An FCC spokeswoman said Apr. 6 that the commission still has
the power to promote an open Internet, and will use that power, but also
recognized that a D.C. court decision striking down a previous
commission's order in the BitTorrent case "invalidated the prior
Commission's approach to preserving an open Internet."
"The FCC is firmly committed to promoting an open
Internet and to policies that will bring the enormous benefits of broadband to
all Americans," said FCC spokeswoman Jen Howard in a statement.
"It will rest these policies -- all of which will be designed to foster
innovation and investment while protecting and empowering consumers -- on a
solid legal foundation."
That solid legal foundation may be reclassifying at
least some portion of Internet service as a Title II communications service subject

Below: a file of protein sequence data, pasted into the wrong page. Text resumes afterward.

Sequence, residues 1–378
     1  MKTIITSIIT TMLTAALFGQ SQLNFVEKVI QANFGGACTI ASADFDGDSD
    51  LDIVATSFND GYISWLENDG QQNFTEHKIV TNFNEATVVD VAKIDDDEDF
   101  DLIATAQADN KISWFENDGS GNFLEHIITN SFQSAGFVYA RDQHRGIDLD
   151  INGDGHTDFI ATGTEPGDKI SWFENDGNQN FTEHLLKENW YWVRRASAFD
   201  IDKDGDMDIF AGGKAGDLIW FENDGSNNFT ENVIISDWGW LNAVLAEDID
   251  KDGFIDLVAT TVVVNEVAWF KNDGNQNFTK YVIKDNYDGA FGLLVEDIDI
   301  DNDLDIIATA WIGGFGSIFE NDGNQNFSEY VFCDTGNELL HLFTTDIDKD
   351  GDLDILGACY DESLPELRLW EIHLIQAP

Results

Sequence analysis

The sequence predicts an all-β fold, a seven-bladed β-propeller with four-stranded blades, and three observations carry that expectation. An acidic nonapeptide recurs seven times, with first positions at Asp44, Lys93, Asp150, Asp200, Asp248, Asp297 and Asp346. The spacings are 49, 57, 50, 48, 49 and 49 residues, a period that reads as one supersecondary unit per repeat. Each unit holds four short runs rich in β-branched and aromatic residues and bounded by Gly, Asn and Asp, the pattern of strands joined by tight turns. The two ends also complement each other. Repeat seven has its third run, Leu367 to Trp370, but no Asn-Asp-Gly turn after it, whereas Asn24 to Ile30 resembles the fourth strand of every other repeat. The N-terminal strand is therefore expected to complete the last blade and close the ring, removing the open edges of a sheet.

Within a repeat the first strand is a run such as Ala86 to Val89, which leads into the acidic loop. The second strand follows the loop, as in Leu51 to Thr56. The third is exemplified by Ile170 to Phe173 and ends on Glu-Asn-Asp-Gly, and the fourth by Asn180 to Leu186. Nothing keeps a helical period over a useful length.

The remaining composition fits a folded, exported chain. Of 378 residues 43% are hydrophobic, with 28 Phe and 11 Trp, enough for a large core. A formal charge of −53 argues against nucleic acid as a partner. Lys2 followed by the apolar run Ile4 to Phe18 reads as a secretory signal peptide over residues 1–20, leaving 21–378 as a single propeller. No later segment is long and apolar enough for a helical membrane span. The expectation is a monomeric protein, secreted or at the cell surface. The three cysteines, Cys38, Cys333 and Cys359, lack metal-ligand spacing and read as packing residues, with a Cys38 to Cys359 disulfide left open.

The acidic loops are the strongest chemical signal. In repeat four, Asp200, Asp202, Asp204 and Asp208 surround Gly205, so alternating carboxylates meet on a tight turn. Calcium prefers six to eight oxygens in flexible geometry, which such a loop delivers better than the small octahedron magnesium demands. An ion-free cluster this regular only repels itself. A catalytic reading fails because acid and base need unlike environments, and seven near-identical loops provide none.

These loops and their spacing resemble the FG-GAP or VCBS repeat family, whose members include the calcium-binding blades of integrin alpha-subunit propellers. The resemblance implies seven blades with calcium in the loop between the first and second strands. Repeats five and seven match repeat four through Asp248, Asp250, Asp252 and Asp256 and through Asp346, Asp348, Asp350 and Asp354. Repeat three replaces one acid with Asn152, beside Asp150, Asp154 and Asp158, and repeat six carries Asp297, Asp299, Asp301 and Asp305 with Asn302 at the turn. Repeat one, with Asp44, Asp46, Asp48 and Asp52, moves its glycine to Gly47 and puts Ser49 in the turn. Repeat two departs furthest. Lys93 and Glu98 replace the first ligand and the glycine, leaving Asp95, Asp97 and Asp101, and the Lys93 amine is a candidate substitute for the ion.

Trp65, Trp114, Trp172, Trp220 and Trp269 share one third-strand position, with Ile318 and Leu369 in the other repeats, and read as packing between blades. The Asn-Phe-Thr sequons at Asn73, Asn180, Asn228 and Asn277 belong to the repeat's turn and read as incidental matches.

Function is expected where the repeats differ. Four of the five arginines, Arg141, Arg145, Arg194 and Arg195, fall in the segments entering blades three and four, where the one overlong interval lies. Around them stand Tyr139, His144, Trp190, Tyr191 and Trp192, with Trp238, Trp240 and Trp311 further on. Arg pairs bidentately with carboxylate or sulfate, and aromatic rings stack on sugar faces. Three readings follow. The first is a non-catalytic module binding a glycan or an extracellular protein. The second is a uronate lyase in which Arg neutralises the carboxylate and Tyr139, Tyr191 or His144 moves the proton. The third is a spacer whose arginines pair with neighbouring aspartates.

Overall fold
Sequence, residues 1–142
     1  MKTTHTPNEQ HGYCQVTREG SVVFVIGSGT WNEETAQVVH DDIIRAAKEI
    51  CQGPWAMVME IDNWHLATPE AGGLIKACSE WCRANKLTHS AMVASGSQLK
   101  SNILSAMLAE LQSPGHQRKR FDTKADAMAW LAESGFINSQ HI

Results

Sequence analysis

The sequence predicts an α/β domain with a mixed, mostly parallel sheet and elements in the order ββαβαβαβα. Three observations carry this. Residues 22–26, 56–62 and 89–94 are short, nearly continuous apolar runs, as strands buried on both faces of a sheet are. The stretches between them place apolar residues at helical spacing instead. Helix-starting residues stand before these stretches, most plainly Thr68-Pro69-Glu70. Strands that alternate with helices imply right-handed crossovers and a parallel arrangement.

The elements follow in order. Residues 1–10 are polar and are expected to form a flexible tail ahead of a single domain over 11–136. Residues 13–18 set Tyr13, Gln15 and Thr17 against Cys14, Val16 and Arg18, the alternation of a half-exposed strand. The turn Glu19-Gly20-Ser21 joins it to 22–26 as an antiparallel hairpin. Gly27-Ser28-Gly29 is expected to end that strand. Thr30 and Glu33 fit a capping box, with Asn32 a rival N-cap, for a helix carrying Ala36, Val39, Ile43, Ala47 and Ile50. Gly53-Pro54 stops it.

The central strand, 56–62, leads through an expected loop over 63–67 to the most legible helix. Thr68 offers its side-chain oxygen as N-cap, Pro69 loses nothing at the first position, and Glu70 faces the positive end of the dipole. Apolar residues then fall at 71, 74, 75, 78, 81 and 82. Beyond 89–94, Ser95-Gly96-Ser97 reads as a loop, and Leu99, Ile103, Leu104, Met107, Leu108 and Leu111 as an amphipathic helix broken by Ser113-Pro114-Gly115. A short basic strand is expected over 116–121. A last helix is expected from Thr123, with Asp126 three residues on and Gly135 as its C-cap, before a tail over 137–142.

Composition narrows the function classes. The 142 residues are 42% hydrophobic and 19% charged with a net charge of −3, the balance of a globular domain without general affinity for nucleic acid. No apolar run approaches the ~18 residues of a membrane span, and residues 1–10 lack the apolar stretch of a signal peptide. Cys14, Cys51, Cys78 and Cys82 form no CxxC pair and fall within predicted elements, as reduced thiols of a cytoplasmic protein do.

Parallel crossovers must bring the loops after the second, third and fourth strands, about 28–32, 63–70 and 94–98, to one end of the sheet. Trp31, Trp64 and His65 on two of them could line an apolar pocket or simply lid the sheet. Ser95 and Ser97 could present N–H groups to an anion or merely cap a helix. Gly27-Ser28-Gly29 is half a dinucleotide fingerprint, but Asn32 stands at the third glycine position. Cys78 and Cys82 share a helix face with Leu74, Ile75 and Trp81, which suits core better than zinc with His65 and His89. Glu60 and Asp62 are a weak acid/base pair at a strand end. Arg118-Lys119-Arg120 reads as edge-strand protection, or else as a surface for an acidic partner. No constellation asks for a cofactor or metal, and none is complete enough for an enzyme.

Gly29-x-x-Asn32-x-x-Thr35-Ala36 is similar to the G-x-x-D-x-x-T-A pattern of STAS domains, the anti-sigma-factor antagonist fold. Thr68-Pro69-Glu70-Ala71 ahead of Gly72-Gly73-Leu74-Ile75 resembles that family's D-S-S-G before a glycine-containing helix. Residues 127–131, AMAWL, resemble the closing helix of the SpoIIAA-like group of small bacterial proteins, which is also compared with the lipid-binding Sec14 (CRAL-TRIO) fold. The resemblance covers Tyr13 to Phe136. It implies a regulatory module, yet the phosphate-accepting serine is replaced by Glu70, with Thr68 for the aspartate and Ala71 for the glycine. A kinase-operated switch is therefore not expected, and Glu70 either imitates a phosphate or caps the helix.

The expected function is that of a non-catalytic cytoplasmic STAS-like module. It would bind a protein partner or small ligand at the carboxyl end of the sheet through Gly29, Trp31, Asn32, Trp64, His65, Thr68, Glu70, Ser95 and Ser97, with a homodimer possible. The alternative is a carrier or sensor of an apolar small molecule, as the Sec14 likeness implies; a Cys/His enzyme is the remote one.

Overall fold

to mandatory access regulations, rather than the more lightly regulated
information service category the FCC put it in.
"Today's court decision invalidated the prior commission's
approach to preserving an open Internet," Howard conceded. "But the court
in no way disagreed with the importance of preserving a free and open Internet;
nor did it close the door to other methods for achieving this important end."
The court did say that it was not ruling that the FCC had no
power over ISPs, but that it had not justified using ancillary
authority rather than directly delegated authority from Congress.